The EOC Announces Findings from the Study on Pregnancy Discrimination and Negative Perceptions Faced by Pregnant Women and Working Mothers in Small and Medium Enterprises
The Equal Opportunities Commission (EOC) has released today (4 May 2016) the findings from the “Study on Pregnancy Discrimination and Negative Perceptions Faced by Pregnant Women and Working Mothers in Small and Medium Enterprises (SMEs)”, which reveal that unfavourable treatment of pregnant employees and working mothers is occurring in the Hong Kong SME workplace. Overall, over one in five (22%) employee respondents reported that they were discriminated during pregnancy, maternity leave, and/or within the first year after returning to work from giving birth.
“Employment-related pregnancy discrimination remains one of the EOC’s most frequently received complaints under the Sex Discrimination Ordinance (SDO),” said Prof. Alfred CHAN Cheung-ming, the EOC Chairperson. “The majority of Hong Kong’s workforce are employed by SMEs, who may face different resource implications when dealing with staff’s pregnancy and maternity; therefore, it is imperative for the EOC to gain broader insights into this issue, so as to understand what solutions may be needed to address this comprehensively.”
The study’s fieldwork was undertaken in September 2015. The study features 1,500 successful interviews with female employees of SMEs (companies with < 50 employees) who, at the time of enumeration, were pregnant, had given birth within the past 12 months, or have children less than 6 years old. The research team also conducted 505 interviews with a random sample of employers/head of human resources departments of SMEs to collect information regarding their attitudes and views towards pregnant employees and working mothers.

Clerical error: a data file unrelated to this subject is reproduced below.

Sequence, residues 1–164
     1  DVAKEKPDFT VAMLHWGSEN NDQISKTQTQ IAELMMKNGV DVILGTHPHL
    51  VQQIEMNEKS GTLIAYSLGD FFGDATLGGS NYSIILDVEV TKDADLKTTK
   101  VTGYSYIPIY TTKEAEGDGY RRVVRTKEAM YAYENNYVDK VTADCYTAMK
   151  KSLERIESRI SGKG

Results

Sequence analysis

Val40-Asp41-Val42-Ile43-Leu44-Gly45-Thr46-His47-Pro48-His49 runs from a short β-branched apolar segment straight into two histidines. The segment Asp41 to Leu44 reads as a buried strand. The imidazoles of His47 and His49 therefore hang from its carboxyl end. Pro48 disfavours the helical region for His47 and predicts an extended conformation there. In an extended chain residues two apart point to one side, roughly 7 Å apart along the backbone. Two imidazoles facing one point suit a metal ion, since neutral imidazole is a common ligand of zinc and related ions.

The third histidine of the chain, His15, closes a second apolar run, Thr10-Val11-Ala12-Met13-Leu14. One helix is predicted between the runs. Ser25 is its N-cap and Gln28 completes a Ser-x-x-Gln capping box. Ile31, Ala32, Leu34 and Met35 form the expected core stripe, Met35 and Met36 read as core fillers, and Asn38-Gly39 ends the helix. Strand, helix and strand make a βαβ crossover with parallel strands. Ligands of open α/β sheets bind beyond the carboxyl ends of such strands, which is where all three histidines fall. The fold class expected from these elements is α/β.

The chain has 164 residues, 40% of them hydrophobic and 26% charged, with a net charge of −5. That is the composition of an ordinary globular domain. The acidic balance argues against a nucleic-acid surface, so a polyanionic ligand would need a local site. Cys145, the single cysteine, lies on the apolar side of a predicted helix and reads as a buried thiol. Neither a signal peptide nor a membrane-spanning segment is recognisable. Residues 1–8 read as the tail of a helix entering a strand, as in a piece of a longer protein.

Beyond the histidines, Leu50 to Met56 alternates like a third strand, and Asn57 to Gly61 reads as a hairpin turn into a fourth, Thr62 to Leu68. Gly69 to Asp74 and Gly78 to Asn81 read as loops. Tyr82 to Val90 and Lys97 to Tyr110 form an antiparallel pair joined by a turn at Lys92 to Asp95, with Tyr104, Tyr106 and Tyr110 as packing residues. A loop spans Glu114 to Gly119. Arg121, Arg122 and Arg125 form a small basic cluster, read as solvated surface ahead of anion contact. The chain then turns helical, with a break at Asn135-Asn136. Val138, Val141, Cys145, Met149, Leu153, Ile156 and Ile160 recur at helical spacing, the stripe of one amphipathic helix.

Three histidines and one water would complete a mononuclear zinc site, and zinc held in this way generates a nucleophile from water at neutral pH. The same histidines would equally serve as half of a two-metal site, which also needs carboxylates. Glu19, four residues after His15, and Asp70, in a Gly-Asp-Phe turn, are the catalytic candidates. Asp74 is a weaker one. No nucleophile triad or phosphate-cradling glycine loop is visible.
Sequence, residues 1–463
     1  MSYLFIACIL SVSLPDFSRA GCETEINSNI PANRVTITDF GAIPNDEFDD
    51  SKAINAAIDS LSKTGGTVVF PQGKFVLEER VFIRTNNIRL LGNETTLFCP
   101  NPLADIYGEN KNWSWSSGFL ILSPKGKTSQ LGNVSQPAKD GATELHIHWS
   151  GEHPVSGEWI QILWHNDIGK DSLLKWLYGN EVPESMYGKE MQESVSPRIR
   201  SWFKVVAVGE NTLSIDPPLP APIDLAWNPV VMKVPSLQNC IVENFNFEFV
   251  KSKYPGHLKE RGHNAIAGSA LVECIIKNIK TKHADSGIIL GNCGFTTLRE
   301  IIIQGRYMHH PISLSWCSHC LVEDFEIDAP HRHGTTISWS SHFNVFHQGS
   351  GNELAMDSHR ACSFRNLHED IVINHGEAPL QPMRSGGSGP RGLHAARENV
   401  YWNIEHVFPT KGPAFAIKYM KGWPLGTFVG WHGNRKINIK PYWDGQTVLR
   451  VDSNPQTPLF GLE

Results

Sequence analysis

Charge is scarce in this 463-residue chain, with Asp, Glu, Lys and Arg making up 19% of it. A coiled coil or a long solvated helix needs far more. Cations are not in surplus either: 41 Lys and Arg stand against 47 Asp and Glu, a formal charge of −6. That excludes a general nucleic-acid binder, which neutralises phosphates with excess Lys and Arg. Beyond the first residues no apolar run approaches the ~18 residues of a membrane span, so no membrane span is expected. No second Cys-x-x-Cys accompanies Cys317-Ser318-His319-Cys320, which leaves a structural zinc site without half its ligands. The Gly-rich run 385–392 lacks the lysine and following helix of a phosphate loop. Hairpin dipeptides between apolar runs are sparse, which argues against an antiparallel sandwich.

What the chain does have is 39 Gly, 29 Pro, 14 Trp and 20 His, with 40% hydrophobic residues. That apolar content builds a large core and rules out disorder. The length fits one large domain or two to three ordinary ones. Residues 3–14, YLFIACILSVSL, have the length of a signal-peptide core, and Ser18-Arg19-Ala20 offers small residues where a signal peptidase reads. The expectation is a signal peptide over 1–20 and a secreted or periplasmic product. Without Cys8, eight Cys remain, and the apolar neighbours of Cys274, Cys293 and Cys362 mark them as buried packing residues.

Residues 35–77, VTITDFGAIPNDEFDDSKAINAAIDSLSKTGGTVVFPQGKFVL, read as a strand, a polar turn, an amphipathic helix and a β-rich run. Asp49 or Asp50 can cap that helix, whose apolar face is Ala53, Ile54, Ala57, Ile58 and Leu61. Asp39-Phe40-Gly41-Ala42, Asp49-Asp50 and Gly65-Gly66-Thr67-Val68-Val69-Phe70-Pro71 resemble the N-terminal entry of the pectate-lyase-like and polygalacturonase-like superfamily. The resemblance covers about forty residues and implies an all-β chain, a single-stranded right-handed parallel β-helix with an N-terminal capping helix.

A total of 21% of employee respondents claimed they encountered unfavourable treatment during their pregnancy while working in SMEs. The most frequently reported form was absences from work due to pre-natal medical check-ups not being counted as sick leave (58%), followed by being treated impolitely by the employer / colleagues because of pregnancy (51%).
Among the working mothers surveyed, 79% returned to their original work position after giving birth. Of these, 11% claimed that they faced unfavourabletreatment during the first 12 months after their return, most commonly their absence from work due to post-maternity medical check-ups was not counted as sick leave (38%), as well as impolite treatment from the employer / colleagues (35%). Additionally, one in five (20%) of working mother respondents said they encountered difficulties in applying for leave to take care of their young children.
Notably, the proportion of employee respondents who reported facing unfavourable treatment, both during and after pregnancy, was relatively higher from the restaurants and hotels industry, as well as among service workers / shop sales workers, and skilled and manual workers.
“Refusal to count pregnancy-related medical check-ups as sick leave may constitute pregnancy discrimination under the Sex Discrimination Ordinance, in addition to possibly violating the Employment Ordinance,” noted Prof. Chan. “Denying accommodations for family care responsibilities, such as emergency leave to tend to one’s child, without justification may also contravene the Family Status Discrimination Ordinance. The prevalence of such acts points to the need for wider awareness of both employers and employees of SMEs on their rights and responsibilities under the law.”